A survey referenced in the Senate Inquiry indicates a high level of support for this type of initiative among both consumers and the food services sector. Many proprietors saw labelling as a positive opportunity to actively market seafood on their menus. According to the Senate Inquiry, the Northern Territory approach ‘demonstrated that seafood labelling would be beneficial to consumers, the local fishing industry and the national economy’.
To implement a similar approach across Australia, the Senate Report recommended that the labelling exemption in the Food Code for cooked or pre-prepared seafood sold by the food services sector be removed.
The Commonwealth Government’s approach to the problem
The Government’s new country of origin labelling requirements made under section 134 of the Australian Consumer Law takes effect on 1 July 2016. As it effectively replicates the current Food Code labelling requirements – including the exemption for food prepared for immediate consumption – it does not address the problem. Whilst additional requirements are to be applied to ‘priority foods’ (including seafood) such as requiring food to bear CoOL information using detailed visual logos and bar-charts, those requirements will not apply to seafood sold for immediate consumption.
This change has two implications. Firstly, as the CoOL requirements in the Food Code will soon be redundant, removing the exemption for food sold for immediate consumption would have no effect. Secondly, the exemption could also be removed from the new standard, but the proposed visual requirements are unlikely to work in menus, menu-boards or other advertising materials.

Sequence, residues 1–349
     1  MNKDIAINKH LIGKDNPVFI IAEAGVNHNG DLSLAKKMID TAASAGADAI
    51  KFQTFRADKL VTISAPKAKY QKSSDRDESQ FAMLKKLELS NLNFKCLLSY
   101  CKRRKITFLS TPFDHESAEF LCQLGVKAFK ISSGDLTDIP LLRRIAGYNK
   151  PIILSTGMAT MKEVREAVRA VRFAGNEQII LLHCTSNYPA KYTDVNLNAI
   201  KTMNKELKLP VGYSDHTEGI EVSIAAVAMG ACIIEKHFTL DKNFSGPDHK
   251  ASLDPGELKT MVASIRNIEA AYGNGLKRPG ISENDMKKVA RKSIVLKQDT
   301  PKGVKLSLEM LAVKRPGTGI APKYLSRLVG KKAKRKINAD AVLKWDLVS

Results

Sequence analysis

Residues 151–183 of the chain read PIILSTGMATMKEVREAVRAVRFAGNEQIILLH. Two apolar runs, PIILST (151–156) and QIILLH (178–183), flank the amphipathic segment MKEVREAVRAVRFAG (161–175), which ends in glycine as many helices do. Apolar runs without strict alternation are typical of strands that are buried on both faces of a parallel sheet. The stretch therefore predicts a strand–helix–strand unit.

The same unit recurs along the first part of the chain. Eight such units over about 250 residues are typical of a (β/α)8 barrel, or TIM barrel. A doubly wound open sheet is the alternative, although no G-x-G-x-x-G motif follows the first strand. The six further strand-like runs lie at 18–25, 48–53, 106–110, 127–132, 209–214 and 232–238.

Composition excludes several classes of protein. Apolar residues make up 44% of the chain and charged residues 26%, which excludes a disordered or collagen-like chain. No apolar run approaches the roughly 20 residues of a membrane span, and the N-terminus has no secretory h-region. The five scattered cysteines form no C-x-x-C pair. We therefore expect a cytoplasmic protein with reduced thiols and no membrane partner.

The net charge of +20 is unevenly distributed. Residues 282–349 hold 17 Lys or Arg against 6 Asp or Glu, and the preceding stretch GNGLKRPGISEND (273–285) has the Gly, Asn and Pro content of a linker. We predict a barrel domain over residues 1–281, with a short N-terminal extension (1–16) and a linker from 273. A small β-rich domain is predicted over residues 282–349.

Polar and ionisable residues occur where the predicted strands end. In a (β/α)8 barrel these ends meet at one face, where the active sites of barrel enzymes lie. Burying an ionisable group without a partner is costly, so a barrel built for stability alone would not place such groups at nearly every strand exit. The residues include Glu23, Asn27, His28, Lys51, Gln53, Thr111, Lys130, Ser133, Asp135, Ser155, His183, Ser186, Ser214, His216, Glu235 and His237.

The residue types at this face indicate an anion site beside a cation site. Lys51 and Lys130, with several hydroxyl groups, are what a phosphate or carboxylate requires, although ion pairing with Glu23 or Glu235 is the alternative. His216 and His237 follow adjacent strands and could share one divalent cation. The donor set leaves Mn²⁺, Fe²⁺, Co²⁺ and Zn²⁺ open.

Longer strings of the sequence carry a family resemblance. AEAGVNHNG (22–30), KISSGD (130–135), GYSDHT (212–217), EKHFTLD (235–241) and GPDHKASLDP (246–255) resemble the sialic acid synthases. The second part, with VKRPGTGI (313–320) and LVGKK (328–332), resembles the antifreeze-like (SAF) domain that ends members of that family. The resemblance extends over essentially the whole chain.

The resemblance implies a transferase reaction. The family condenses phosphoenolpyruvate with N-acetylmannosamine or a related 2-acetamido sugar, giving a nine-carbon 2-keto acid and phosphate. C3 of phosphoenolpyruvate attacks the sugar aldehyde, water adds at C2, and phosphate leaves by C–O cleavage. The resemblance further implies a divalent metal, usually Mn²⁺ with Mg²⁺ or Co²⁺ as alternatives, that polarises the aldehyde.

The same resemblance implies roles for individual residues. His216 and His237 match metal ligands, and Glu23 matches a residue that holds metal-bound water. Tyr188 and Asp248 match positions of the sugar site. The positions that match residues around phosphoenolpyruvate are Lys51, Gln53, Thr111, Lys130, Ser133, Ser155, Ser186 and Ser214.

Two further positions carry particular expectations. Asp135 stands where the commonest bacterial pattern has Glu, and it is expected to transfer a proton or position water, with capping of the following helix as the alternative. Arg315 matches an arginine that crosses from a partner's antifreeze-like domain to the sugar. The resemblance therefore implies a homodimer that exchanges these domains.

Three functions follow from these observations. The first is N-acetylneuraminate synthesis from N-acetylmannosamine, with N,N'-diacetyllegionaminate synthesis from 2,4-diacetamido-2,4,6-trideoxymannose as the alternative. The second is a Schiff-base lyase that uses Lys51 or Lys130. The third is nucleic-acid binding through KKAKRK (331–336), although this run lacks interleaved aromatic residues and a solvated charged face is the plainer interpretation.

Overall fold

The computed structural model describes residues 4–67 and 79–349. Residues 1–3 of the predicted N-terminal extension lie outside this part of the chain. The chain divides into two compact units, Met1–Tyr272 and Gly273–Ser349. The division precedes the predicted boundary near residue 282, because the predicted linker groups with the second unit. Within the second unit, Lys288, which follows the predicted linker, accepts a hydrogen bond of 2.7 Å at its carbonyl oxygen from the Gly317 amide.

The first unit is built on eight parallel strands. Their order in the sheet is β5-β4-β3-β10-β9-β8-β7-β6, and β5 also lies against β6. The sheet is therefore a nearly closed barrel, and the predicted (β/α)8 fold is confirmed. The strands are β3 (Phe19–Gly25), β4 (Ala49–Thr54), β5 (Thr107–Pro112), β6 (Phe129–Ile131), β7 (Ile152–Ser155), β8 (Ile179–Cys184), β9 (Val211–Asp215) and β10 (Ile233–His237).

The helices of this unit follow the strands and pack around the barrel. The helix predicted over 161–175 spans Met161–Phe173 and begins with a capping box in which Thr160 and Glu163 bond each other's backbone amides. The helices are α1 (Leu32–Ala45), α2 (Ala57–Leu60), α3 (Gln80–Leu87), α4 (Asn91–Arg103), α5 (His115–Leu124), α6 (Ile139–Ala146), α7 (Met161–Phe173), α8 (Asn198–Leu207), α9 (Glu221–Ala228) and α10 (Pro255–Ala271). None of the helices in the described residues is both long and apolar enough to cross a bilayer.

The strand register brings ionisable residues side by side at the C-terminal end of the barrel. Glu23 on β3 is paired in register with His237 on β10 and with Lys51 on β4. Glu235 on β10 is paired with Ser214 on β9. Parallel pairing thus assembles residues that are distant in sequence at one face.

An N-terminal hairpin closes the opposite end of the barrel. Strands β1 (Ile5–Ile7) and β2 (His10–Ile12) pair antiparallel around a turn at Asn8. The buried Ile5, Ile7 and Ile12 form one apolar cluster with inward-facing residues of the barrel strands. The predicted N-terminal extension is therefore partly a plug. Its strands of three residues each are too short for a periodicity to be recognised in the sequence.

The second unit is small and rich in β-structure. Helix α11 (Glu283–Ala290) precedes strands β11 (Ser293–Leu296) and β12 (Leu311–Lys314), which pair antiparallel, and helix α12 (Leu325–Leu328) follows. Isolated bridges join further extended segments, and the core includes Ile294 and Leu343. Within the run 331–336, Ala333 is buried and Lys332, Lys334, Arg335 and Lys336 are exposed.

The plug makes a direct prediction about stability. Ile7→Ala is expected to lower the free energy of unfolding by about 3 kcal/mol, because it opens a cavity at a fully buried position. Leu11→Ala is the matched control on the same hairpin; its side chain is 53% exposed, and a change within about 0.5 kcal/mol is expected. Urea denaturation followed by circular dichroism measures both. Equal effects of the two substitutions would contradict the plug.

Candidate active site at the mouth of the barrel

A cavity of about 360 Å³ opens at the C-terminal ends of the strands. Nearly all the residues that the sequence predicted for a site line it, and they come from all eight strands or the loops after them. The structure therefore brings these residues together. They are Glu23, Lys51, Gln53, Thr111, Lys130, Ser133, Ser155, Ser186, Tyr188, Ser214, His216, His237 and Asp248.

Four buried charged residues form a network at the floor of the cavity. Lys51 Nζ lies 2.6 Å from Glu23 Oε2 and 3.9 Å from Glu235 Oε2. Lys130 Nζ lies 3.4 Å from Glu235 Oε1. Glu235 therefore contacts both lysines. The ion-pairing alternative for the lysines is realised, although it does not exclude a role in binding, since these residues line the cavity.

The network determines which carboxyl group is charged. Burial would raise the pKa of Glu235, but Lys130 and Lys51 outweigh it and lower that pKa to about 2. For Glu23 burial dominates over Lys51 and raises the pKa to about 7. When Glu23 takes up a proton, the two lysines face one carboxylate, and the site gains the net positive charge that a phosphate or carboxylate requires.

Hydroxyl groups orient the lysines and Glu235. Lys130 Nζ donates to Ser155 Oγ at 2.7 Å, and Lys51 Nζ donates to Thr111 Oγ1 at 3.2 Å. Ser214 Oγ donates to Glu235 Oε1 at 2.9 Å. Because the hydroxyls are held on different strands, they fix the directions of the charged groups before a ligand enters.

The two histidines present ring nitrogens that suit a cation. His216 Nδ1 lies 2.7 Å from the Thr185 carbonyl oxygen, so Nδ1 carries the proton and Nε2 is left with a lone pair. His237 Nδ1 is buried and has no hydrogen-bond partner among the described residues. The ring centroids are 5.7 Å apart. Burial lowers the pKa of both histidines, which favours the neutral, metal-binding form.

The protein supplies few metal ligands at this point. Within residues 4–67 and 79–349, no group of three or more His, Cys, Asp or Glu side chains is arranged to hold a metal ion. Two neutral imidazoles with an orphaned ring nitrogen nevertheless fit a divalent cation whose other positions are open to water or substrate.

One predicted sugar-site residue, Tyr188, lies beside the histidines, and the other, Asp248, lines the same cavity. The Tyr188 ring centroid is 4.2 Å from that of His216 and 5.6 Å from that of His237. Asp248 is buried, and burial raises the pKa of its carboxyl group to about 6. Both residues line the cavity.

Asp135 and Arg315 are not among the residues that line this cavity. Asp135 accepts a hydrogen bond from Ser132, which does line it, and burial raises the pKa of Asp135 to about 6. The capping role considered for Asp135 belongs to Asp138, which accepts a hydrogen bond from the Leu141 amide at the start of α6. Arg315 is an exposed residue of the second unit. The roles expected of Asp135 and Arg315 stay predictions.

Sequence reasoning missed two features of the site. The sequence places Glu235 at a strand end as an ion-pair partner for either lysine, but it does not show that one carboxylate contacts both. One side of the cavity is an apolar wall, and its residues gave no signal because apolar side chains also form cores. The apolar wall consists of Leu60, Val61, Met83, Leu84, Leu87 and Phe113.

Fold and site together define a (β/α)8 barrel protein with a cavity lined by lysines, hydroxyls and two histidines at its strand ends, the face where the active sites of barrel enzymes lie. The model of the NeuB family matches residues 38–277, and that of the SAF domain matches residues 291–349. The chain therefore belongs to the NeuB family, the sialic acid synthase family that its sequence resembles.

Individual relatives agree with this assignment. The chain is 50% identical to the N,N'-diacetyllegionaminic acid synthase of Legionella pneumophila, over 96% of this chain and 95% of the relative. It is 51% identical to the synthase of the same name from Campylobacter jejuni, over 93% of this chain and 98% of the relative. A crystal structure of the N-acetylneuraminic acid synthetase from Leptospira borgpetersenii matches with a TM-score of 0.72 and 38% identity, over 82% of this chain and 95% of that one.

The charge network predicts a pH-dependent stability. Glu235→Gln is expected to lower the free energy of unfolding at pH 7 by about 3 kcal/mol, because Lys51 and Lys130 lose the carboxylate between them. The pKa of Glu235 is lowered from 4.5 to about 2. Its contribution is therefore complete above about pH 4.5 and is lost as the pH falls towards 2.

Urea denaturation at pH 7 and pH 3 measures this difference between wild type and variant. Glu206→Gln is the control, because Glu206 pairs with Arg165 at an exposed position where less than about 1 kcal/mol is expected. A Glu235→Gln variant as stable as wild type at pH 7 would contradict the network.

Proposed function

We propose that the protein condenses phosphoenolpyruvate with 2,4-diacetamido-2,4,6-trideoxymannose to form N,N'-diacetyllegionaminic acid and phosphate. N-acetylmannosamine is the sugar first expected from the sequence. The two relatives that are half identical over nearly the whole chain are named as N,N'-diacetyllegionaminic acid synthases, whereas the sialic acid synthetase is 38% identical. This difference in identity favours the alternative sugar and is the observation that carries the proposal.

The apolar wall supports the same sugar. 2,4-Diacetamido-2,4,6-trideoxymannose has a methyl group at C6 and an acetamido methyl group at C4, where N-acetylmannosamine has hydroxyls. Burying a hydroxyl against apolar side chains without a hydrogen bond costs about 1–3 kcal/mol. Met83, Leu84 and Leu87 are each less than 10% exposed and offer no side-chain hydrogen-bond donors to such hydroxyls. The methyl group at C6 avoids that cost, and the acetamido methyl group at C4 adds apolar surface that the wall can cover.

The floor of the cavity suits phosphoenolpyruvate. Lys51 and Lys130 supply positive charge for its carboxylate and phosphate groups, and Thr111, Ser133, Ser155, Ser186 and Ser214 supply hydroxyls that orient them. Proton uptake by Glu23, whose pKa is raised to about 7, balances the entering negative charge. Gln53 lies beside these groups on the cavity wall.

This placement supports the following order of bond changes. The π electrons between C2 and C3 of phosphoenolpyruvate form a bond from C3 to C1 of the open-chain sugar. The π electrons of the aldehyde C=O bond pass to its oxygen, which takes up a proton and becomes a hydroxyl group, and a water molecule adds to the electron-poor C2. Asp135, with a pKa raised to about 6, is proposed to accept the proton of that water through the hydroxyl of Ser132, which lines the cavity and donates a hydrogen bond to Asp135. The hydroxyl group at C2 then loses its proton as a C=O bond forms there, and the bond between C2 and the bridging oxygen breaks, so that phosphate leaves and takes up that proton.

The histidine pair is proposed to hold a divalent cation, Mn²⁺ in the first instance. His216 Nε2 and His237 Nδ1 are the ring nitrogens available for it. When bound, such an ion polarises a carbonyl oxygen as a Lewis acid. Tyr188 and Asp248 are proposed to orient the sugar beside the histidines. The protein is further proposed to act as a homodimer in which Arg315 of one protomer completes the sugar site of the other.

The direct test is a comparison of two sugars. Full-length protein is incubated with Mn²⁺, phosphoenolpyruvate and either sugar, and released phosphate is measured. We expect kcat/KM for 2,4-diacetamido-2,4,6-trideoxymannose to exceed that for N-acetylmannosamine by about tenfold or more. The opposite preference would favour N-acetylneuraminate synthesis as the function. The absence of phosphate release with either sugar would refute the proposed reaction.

Other proposed approaches to address the problem
In March 2015, the Greens and crossbenchers, including Senator Nick Xenophon, introduced a Bill to implement the Senate Inquiry’s recommendations. The Bill proposed amending the Food Standards Australia New Zealand Act 1991 to provide a standard which would require fish sold for immediate consumption to be labelled according to existing CoOL requirements.
In August 2015, the Senate rejected the Bill, with Coalition and ALP Senators voting against it. According to Senator Scullion, one of the reasons the Bill was opposed is that ‘it is actually the responsibility of the states and territories’. Indeed, similar policies have recently arisen at the state level. On 27 May 2016 Deputy Premier of New South Wales, Troy Grant, announced a scheme at the NSW Nationals annual conference for labelling imported fish and fish products in restaurants and cafes.
A way forward?
Whilst the Northern Territory approach of simple ‘imported’ labelling appears to be a more suitable model for informing consumers about where their seafood comes from, it is one that faces barriers to national implementation. Hence it would appear that any steps to address the problem are more likely to occur at the state or territory, rather than national, level.
* This FlagPost was prepared by Adrienne Elmitt, an intern from the Australian National University.